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When a carrier or master agent axes an independent agents contract, what routes are there to take in pursuit of that cash?
March 31, 2009
By Cara Sievers
The bread and butter of the agent business is relationships the agent builds with customers. An agent spends the majority of his time cultivating and nurturing these relationships in hopes they return healthy recurring commissions and continued upsell opportunities.
In fact, the 2009 PHONE+Channel Compensation Survey found that partners’ paychecks rely heavily on monthly residual commissions. Half of respondents said their compensation consisted of a combination of upfront commissions, wholesale buy rates and residual commissions. But, more than 36 percent said they are primarily compensated through residual commissions.
So, what happens if those residuals suddenly disappear? There is a general feeling in the agent community that due in part to our nation’s poor economy, carriers might be trying to pad their bottom lines by kicking the little guys (i.e. channel partners) around.
“[Carriers] are cancelling agent contracts to partners not hitting commitments at record levels,” said Jeffery Ponts, executive vice president of master agent Datatel Solutions. “It is immoral and unethical to cancel an income stream to an agent that originated business for the carrier they would never have had. I can understand reducing commission levels, but cancelling revenue altogether is wrong.”
Rumors are circulating about multiple carriers suddenly invoking clauses in contracts in order to axe agents, whether for not meeting minimums, not generating enough new business, or just “underperforming” in general, as ambiguous as that may be. To add insult to injury, agents receiving such notification that their contracts have been cancelled — usually by the dreaded form letter — often find their residual commissions being cut by the carrier. In essence, commissions for customer accounts these agents had generated are taken from them.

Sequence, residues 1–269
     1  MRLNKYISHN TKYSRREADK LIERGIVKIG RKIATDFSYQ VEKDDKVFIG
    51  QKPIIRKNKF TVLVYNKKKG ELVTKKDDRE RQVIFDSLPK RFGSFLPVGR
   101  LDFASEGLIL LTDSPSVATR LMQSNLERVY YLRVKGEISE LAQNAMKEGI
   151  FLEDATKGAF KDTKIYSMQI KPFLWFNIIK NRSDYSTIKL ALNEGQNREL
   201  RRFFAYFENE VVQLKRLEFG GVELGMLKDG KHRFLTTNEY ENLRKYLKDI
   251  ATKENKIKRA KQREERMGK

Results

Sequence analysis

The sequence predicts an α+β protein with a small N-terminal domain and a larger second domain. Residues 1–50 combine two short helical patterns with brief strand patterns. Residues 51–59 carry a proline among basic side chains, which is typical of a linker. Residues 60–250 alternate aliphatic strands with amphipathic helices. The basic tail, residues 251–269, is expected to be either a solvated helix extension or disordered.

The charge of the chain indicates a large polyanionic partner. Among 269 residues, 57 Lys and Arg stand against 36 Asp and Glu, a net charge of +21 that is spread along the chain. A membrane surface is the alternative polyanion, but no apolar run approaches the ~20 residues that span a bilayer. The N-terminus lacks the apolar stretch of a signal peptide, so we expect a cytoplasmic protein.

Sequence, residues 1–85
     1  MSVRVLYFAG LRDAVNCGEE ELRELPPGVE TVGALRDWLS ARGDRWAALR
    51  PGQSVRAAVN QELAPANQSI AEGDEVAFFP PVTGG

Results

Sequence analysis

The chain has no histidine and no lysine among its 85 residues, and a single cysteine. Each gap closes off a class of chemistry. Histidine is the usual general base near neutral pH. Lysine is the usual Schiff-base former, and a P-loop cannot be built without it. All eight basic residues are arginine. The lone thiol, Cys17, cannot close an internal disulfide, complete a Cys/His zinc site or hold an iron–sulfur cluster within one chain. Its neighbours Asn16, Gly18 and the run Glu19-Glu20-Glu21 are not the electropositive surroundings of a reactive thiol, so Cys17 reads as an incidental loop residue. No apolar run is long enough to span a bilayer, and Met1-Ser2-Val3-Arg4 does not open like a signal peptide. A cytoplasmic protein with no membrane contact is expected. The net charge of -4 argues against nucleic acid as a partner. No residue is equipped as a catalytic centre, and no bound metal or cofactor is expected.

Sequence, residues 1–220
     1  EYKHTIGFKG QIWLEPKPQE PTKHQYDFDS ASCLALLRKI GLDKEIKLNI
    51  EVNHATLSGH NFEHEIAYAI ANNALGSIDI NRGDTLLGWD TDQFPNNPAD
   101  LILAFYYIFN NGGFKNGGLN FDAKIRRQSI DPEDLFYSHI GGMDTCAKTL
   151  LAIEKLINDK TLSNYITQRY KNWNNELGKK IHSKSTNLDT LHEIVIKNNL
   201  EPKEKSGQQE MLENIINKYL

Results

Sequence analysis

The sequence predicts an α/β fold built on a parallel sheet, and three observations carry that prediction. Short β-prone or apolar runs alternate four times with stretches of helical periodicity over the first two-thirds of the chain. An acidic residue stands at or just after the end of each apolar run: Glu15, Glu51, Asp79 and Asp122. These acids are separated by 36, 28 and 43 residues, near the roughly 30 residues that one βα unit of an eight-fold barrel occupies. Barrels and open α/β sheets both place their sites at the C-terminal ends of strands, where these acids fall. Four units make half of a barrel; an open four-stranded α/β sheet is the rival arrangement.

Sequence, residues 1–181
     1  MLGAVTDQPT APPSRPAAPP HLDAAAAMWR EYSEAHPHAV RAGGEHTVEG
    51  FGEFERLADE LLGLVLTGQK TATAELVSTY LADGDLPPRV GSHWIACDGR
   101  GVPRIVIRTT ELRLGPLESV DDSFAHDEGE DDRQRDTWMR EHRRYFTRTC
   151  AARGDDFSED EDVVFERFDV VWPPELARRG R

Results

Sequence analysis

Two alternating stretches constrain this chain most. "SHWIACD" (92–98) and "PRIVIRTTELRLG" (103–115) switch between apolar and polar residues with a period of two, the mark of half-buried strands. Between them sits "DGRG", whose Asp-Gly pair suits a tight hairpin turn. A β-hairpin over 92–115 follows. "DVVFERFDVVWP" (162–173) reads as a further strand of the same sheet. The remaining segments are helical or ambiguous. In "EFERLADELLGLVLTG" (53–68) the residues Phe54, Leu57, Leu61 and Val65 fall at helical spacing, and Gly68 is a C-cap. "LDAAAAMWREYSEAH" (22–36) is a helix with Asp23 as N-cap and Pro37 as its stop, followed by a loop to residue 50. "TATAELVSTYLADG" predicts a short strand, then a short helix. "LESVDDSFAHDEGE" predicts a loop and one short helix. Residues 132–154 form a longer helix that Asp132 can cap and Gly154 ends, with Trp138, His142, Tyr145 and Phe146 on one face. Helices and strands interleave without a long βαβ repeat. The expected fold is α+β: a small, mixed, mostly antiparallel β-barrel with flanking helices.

Greg Taylor, attorney at Technology Law Group LLC, said following the termination of the agreement, agents often find themselves “on the short end of the residual commission stick” despite express language in the agreement. “In the worst cases, I am personally aware of carriers who terminated agent agreements and withheld residual commissions simply because they changed their business model; that is, the carrier lost interest in supporting the agent channel. Carriers typically own the end-user customer, not the agent. If the agents aren’t producing substantial revenue for the carrier, the carrier can cynically increase profitability merely by discontinuing its agent channel, keep the customers it derived as a result of the agents’ efforts, and refuse to pay residual commissions on the assumption most of the ex-agents will not be in a position to do anything about it.”
However, most carriers claim the termination is “for cause,” citing a reason such as failing to meet revenue thresholds or failing to adhere to the carrier’s agent conduct policies. Taylor said this approach provides cover for the carrier to retain the agent’s residuals after the termination. Sometimes the carrier has the right to terminate for cause, but many times, the carrier is to blame for the agent’s failure, he added.
“The first thing I would say to the agent community is if you’ve received a letter like this, don’t automatically assume that the carrier has a right to terminate your commissions because all too often, that’s not the case,” advised Taylor.
If an agent is terminated for his or her own shortfall and the effects on the residuals are not addressed in the contract, Taylor said the agent still has a fighting chance based on the fact that the carrier would not have that customer if it weren’t for the agent’s efforts. If the agreement does indeed dictate that an agent’s residuals will cease if targets are not met, the factors that contributed to the agent’s performance, or lack thereof, are up for scrutiny. These factors include: